Risk-takers - They approach unfamiliar situations and uncertainty with courage and forethought and have the independence of spirit to explore new roles, ideas and strategies. They are brave and articulate in defending their beliefs.

Balanced - They understand the importance of intellectual, physical and emotional balance to achieve personal well-being for themselves and others.

Reflective - They give thoughtful consideration to their own learning and experience. They are able to assess and understand their strengths and limitations in order to support their learning and personal development.

IB Diploma Curriculum

The IB Diploma Curriculum model is represented by a hexagon, with six academic subject areas surrounding the core. Subjects are studied concurrently for two years. By arranging work in this fashion, students are able to explore some subjects in depth and others more broadly; which represents a compromise between the early specialisation in some national systems and the breadth found in others.

Subject choice requirements ensure that the science-orientated student is challenged to learn a foreign language and the natural linguist becomes familiar with the scientific processes. While balance is maintained, flexibility is catered for with the student choosing their Higher Level subjects to pursue areas of personal interest and to meet special requirements for university entrance.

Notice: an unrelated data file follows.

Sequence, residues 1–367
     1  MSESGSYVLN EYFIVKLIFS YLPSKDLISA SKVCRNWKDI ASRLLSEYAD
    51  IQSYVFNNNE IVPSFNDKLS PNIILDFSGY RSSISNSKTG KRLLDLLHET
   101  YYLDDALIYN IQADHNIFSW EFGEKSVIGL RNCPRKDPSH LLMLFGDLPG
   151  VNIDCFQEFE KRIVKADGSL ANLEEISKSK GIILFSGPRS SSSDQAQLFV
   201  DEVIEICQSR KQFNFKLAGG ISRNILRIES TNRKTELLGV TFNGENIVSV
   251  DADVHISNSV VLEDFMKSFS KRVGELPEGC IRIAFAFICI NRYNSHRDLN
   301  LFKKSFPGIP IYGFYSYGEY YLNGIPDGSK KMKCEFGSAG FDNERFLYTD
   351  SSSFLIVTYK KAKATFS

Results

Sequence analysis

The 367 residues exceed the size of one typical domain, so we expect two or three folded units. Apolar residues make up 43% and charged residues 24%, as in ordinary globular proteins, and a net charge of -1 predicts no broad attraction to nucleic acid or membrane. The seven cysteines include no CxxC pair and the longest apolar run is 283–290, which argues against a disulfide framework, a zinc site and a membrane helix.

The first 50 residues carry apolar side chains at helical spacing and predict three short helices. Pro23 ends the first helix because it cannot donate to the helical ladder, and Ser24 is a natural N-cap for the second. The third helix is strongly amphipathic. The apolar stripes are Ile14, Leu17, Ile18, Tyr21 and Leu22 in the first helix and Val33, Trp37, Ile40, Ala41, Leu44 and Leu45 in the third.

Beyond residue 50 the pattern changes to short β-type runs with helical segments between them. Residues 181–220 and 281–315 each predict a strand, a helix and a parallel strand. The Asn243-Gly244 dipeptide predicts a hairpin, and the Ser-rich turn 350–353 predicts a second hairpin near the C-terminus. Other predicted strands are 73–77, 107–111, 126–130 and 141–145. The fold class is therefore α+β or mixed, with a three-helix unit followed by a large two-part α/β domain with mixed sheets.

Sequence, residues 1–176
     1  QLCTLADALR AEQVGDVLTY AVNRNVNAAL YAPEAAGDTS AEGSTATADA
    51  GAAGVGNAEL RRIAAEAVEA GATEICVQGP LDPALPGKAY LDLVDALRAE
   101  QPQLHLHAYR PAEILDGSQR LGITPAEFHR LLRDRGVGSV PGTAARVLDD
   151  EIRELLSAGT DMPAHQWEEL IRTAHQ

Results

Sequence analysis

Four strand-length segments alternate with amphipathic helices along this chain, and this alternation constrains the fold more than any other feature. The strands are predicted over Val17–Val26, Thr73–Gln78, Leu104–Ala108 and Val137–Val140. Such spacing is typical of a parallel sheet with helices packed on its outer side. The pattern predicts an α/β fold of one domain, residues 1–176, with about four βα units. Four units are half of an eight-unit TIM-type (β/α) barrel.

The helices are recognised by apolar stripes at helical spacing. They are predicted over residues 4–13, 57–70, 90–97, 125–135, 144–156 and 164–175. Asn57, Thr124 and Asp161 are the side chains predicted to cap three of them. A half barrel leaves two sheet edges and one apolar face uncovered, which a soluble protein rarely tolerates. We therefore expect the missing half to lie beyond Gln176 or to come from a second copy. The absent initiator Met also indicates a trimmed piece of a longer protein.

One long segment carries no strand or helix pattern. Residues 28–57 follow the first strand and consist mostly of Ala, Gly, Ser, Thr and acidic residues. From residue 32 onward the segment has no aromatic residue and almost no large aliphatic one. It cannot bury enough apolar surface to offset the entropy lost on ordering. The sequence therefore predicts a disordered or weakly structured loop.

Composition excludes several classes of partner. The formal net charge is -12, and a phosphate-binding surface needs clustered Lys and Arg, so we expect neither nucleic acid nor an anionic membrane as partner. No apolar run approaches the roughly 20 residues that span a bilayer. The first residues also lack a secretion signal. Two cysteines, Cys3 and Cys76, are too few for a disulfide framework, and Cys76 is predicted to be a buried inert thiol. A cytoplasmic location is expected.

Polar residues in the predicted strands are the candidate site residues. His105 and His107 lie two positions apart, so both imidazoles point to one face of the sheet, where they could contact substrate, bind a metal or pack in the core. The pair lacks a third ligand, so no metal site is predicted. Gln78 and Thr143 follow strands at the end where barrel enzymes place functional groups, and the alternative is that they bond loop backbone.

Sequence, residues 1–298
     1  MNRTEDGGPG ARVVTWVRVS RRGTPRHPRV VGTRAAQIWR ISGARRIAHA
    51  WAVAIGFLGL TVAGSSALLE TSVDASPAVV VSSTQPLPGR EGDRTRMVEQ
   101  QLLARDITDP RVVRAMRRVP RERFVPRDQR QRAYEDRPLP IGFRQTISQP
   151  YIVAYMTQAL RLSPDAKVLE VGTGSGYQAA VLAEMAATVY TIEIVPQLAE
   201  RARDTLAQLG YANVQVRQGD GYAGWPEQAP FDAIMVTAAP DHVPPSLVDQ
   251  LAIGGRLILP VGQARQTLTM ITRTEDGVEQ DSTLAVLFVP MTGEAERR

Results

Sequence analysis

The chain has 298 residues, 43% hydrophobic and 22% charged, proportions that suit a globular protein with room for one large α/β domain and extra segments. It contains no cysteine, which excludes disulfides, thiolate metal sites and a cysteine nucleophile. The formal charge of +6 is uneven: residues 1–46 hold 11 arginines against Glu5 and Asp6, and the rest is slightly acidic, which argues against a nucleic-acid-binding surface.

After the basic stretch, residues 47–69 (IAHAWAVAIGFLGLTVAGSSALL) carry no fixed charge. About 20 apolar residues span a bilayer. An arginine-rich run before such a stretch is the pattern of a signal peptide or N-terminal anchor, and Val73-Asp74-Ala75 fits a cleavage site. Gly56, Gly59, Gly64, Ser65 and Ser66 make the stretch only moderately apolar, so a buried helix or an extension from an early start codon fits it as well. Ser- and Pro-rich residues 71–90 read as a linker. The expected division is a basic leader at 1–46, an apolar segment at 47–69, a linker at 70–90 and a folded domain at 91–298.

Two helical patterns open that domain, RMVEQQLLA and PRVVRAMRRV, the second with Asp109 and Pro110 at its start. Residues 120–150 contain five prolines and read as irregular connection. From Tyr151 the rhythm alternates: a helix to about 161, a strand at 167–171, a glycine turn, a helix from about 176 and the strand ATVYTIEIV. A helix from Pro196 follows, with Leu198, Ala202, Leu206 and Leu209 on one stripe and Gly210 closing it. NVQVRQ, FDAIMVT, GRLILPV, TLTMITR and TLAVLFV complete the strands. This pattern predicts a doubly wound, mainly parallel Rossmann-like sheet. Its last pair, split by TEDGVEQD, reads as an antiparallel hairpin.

Core Studies of the International Baccalaureate Diploma

The unique features of the IB Diploma are the three core studies that allow students to extend and enhance their learning and embrace the culture and ethos of our own attitudes and values through the depth and breadth of academic offerings and the emphasis placed on Creativity, Action and Service. In developing the role of service to the community, a sense of global humanity and tolerance is fostered, all in tune with mission statement and ideals of Werribee Secondary College.

The core areas of study of the IB are:

- Extended Essay
- Theory of Knowledge
- Creativity, Action and Service

Academic Subjects

The academic subjects offered are grouped. Diploma candidates are required to select one subject from each of the six subject areas, with:

- at least three, and not more than four taken at Higher Level (HL); and
- the remaining subjects are taken at Standard Level (SL).

An HL course represents 240 teaching hours over the two-year period and an SL course represents 150 teaching hours over the two-year period.  At Werribee Secondary College were currently offer:

Group 1 - IB Language and Literature: ENGLISH

Group 2 - IB Language: SPANISH AB INITIO (BEGINNER)

Group 3 - IB Individuals and Societies: ECONOMICS, HISTORY, PSYCHOLOGY

Group 4 - IB Experimental Sciences: BIOLOGY, CHEMISTRY

Group 5 - IB Mathematical Studies: MATHEMATICAL STUDIES, MATHEMATICS

Group 6 - IB The Arts and Electives: MUSIC, VISUAL ARTS

For more information about the International Baccalaureate Organisation (IBO): Click Here